Alphabet for a Mid-Sized City

Thanks to a Community of Poets, I Grew Into the Central Valley—and This Agricultural California Region Grew Into Me

The land around coaxes out
almonds, apricots, walnuts.
At 3 a.m., the call to irrigate.

We work our fingers to the bone.
We are bone-tired.
C’mon, throw the dog a … .

When sirens scream past,
the next-door dogs respond with all the sorrows
of the world in their voices.

Wind in the ash trees,
snail in the basil,
your hand in mine.

Hot afternoons everything slows.
The air currents, the spin of the earth, the airplane
above moving so slowly it might drop into my hands.

Wild mustard grows in the ditches.
Green stem, yellow flower,
the bitter scent forecasts this ache or that.

Lined up in the windows of that house
on the corner, each shiny object shooting back
sunlight, enough to blind the trespasser.

Last night someone knocked them down,
broke them. The names of the dead mean
so little to some—some who need to be haunted.

“It sure is hot today.”
          “I love the heat.”
“Jeez mija, you don’t know what you love.”

In January, she’ll cut back the roses after she drags
the Christmas tree out to the side of the road.
She’s already penciled this in.

A bounty, an abundance of plums on the counter.
The ripe ones are splitting, juice pearling up,
even as we watch, even as we’re breathless.

The lights start blinking just as you pull up
to the grade. The train has not yet appeared.
You open your window to hear it coming. You wait.

Morning comes out from behind the cedar tree.
Gray, then blue, then yellow, then gold. The hawks
call each other sweetheart. The routine begins again.

When we see them on the horizon, we cheer,
but quietly. We open the windows, we stand
on the porch, to smell the tang of pre-rain air.

The letters to the editor tell us this or that,
laud or outrage. Oh Citizens! Either way,
the paper goes in the recycling bin after breakfast.

The sound of the freeway from several blocks away.
The girl practicing piano with the windows closed.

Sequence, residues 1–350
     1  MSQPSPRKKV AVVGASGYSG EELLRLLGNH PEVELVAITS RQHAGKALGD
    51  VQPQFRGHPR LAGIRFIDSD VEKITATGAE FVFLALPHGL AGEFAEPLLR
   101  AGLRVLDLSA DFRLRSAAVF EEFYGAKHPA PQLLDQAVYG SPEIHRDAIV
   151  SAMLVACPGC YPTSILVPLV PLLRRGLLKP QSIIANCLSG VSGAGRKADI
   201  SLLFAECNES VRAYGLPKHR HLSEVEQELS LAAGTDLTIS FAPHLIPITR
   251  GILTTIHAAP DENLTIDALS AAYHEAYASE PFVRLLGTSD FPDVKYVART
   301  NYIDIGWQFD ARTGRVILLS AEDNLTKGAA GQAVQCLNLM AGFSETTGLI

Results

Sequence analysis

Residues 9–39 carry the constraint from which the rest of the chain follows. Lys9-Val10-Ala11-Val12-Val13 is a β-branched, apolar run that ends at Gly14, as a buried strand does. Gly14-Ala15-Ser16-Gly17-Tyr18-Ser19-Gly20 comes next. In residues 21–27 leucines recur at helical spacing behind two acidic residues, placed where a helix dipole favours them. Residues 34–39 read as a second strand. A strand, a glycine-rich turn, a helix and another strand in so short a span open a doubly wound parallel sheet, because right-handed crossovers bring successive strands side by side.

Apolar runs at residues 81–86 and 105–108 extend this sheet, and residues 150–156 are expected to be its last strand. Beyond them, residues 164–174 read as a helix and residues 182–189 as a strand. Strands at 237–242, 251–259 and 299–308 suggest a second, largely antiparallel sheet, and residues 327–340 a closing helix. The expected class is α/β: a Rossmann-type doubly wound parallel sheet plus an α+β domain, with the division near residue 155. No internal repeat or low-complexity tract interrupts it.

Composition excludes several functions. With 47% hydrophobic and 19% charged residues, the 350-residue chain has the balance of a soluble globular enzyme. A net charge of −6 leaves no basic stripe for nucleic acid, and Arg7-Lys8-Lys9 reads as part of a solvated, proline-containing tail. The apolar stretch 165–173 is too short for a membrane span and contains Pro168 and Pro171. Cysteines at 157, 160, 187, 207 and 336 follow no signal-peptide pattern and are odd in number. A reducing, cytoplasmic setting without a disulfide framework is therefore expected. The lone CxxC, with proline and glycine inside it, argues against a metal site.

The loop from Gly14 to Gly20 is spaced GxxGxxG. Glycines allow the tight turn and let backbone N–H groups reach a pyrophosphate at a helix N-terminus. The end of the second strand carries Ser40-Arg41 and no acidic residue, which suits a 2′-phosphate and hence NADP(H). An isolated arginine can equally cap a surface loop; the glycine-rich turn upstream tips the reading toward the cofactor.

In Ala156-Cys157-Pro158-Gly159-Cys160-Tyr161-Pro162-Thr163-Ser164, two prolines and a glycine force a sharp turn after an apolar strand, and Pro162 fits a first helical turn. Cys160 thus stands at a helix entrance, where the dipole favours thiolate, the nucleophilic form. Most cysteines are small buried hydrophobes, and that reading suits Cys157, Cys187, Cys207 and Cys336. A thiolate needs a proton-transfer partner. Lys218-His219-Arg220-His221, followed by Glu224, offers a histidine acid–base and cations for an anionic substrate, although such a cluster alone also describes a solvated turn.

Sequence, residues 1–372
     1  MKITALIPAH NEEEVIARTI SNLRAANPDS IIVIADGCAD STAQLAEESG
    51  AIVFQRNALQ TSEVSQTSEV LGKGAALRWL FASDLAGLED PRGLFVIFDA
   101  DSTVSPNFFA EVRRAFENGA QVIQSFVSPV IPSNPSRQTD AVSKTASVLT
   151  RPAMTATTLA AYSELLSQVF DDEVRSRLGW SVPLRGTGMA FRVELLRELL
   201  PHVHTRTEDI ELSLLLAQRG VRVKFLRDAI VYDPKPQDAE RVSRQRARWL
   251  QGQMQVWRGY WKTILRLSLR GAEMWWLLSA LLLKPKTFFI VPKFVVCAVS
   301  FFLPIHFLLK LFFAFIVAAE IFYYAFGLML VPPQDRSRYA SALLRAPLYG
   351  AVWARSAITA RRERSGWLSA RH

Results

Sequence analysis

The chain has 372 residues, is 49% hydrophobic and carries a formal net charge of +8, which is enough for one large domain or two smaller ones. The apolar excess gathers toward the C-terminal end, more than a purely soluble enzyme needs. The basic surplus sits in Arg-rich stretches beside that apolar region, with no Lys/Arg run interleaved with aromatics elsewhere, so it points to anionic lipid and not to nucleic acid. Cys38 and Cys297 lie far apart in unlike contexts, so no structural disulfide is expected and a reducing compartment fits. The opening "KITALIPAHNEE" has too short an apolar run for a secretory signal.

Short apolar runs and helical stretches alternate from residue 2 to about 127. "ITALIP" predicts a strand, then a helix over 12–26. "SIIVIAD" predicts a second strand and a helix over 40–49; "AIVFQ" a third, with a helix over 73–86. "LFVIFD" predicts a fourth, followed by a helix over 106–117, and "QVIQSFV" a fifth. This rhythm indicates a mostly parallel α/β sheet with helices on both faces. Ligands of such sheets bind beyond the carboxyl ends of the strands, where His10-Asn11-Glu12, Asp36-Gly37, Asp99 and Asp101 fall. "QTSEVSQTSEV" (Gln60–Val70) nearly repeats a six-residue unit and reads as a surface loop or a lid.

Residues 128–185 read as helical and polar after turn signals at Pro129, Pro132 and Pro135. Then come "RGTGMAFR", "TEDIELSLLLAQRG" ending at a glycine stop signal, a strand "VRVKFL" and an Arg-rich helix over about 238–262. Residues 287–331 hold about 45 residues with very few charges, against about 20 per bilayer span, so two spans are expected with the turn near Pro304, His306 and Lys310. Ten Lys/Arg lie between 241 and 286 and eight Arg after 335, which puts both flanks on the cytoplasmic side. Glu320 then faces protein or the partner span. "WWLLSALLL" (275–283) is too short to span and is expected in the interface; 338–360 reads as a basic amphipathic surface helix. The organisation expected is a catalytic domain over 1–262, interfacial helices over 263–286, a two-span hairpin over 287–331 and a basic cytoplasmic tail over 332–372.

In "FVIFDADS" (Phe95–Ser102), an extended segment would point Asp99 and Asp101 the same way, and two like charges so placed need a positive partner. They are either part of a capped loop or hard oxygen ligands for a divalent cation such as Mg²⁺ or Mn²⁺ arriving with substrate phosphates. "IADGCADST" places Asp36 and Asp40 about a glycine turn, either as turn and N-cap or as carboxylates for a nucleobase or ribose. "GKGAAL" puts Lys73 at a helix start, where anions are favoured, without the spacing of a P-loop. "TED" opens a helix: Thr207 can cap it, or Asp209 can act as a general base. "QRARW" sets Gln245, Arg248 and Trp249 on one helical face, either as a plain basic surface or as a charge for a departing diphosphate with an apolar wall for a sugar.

The library, with its efficiency, with the murmurs of all the books.

Today’s meeting is cancelled as the members
of the committee on the importance of all things
have high-tailed it to the lake or are napping.

Under our feet, beneath the compacted soils,
encased in a vanished inland sea, are fossils
that won’t be discovered for possibly ever.

At night, I drive visitors to the glass factory.
Through the fence, through the half-open door,
we watch the white-hot glass drop into bottle-shapes.

The original’s in Westside Park, but now these trees
are all of ours: Fraxinus velutina glabra ‘Modesto’.
Sure, in spring the new leaves fall, but more always grow back.

          “No, I’m pretty sure I know I love the heat.”
“Well mija, no one ever said you made sense.”
          “Well, my friend, that is more true than you know.”

From the new bridge, you see all the treetops,
moving together in the breeze, so solid-looking,
you could walk on them from here to Ceres.

Also, wait and watch.
Also, weather and warning.
Also, work and workers, and worn-out but not worn-down.

Marks the spot where I ended up staying even after
declaring loudly that I did not want to end up here.
X marks the spot that’s somehow become home.

So, because this became home, I began to say yes.
I am from here, yes. I like it here, yes. Not everything
Is perfect, yes, but then nowhere is.

The night of the meteor shower, I went out and looked
straight up at the bright pins of stars, some of them spinning
across the sky, most of them staying fastened to the night.

Gillian Wegener is president of the Modesto-Stanislaus Poetry Center. Her works include the chapbook Lifting One Foot, Lifting the Other (In the Grove Press, 2001) and The Opposite of Clairvoyance (Sixteen Rivers Press, 2008).
*Photo courtesy of Sandy Redding.
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